An interesting fact about the Cormier Honors College (CHC) is that although service is an important pillar of the organization, service hours are not mandated for its members. I really respect this pillar for that exact reason. I believe that community service should be voluntary and only performed with the intentions of making a difference. Community service should not be performed to complete a requirement for something.
Although service hours are not required for Honors students, the CHC still provides the community with LOTS of opportunities to give back to the community. One of my earliest memories volunteering in the CHC was during the annual Honors Leadership Retreat!
During my first year at Longwood University, I was very involved in my community service. Even before the school year actually began, during the Cormier Honors Retreat, the other Honors students and I got the chance to work at a local Horse Ranch and volunteer our time! We all split into groups to perform different tasks and my group was tasked with cutting branches, digging holes, and hauling trees. A few others guys and I dedicated the day to digging holes for the signs we needed to put into the ground and the day was filled with hard work. While we were cycling through digging the holes I would help the others in my group cut branches and haul the trees. Although I only dug two big holes that day, it was quite rewarding. The horse ranch really appreciated everyone’s help that day and I got the chance to workout without going to the gym!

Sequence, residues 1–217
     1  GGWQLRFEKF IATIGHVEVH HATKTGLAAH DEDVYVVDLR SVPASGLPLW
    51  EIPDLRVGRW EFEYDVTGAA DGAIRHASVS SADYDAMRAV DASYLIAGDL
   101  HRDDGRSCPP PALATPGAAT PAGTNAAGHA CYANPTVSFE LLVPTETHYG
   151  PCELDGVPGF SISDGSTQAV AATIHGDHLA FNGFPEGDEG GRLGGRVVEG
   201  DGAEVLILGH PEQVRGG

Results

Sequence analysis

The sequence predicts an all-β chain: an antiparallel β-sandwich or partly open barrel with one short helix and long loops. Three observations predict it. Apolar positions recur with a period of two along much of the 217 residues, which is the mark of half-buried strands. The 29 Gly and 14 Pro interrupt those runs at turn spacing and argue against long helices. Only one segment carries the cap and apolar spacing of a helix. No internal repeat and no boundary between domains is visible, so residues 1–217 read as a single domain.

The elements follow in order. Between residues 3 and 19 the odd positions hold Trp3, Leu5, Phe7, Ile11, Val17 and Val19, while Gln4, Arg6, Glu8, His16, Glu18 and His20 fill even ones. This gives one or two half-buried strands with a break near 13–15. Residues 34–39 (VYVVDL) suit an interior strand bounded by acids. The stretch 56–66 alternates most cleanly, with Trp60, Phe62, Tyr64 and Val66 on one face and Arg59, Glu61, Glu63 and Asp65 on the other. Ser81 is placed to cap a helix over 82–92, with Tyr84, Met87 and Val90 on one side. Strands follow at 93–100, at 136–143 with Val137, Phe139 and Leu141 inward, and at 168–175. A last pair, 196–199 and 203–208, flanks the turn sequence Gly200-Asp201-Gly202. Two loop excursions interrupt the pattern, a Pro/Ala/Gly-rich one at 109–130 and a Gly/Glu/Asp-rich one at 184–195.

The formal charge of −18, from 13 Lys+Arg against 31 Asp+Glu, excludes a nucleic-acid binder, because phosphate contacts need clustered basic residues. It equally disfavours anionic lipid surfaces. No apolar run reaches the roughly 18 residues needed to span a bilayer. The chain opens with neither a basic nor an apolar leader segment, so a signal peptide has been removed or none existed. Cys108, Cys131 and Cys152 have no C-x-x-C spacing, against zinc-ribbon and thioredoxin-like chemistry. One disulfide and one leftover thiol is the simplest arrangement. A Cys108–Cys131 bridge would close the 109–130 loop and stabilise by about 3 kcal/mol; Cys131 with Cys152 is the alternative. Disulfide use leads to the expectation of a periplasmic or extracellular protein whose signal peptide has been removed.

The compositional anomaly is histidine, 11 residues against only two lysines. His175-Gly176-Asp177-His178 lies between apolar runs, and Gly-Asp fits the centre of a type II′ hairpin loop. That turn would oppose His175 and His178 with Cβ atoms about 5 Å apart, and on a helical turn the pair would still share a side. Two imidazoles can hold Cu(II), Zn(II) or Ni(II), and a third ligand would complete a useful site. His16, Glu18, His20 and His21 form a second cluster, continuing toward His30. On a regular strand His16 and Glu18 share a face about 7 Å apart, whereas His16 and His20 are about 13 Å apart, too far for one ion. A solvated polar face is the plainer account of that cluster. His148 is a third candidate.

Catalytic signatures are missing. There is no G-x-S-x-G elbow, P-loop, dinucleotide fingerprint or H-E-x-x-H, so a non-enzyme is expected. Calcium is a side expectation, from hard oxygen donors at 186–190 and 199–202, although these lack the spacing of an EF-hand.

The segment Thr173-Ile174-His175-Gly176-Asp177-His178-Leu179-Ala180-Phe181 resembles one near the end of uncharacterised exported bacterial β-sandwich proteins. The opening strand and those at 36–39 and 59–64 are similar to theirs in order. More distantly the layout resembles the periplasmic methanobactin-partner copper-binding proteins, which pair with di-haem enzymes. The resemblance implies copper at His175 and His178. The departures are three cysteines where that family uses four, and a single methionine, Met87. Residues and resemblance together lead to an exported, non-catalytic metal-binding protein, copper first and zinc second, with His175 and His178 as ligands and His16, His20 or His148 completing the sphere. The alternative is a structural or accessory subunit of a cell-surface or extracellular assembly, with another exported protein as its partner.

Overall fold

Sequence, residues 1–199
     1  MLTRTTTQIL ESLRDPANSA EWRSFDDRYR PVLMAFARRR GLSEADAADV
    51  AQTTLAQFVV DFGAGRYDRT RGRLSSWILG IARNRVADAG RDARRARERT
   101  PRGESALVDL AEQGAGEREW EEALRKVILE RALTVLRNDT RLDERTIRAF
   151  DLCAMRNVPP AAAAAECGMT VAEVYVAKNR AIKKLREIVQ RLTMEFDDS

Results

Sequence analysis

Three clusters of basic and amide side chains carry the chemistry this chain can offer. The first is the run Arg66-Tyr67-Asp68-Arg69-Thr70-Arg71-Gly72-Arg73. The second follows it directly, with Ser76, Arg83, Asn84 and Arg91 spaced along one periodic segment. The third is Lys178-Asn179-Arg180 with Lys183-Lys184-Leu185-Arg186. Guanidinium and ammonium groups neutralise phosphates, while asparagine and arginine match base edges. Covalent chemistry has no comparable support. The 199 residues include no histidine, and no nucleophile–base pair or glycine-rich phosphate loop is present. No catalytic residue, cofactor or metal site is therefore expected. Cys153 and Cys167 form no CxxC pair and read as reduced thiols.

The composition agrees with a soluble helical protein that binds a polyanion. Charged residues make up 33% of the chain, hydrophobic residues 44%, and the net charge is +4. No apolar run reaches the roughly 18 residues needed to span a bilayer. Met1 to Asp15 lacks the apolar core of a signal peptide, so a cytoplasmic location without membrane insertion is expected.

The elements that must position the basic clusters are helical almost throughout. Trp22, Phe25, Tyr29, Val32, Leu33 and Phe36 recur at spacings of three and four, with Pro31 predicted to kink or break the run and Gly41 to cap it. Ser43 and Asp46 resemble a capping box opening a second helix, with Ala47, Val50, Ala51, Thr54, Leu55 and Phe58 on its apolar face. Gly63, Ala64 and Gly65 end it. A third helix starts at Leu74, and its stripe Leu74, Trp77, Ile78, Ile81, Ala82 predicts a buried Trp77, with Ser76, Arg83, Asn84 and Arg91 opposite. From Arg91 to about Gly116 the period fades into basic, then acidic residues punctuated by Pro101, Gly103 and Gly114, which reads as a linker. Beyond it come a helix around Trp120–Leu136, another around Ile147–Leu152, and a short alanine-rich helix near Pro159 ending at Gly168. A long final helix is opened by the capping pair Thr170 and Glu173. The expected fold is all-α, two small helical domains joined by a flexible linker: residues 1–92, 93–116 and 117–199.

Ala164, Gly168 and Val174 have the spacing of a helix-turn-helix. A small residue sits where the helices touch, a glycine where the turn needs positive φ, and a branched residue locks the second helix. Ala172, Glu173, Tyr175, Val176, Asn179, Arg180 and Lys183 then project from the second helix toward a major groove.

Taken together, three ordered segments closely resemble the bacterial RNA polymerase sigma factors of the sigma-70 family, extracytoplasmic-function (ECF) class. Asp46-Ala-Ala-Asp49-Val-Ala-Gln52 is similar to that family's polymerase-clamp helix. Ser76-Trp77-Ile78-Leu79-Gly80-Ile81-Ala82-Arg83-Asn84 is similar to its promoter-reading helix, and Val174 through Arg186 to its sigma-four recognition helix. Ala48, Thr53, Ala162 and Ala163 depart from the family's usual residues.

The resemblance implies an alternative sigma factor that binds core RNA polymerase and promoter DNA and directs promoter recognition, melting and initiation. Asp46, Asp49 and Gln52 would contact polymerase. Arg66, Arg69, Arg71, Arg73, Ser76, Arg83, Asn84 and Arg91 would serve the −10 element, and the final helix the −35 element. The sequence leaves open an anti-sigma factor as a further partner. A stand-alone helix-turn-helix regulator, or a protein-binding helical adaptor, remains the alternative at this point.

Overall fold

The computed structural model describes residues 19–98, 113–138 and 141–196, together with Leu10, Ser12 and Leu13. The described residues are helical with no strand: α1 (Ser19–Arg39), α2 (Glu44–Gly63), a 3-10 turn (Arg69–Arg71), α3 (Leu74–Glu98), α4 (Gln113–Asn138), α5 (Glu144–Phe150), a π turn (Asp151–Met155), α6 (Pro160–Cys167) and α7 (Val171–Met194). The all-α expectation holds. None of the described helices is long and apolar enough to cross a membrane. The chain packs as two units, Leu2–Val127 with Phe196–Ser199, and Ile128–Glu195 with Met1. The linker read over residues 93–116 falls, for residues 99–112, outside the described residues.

At the beginning of the first semester I joined the Honors Student Association and the organization gave us the chance to go on a volunteer retreat to Hull Springs. I was very excited! We all drove a few buses to Hull Springs, split up in groups, and helped the local areas with different activities. My group went to a local animal shelter and we helped clean the cages, bathe the animals, wash the buckets, bring the animals food, and we walked a few dogs. It was a very tiring day. My friend and I were washing washing the food and water buckets for hours where our muscles and skin were battered by the mounds of dirt and cleaning chemicals. After we were finished cleaning the buckets, we washed some of the small puppies and walked some of the big dogs. Some of the dogs that I walked were very energetic and STRONG. I was being dragged like a rag doll by some of the dogs and I often found myself sprinting behind the dogs trying to keep up with them. By the end of the day, I was drenched in sweat, my muscles were exhausted, I was covered in dog hair, and I had a heart that felt really good after what I had just did.
While I was completing these hours of community service, I can honestly say it was making me a better person. I was able to see the positive impact I was making in my new community i was going to call my home. This also helped me become a better citizen leader because it allowed me to learn about the issues involving my community and what my community would need in the future.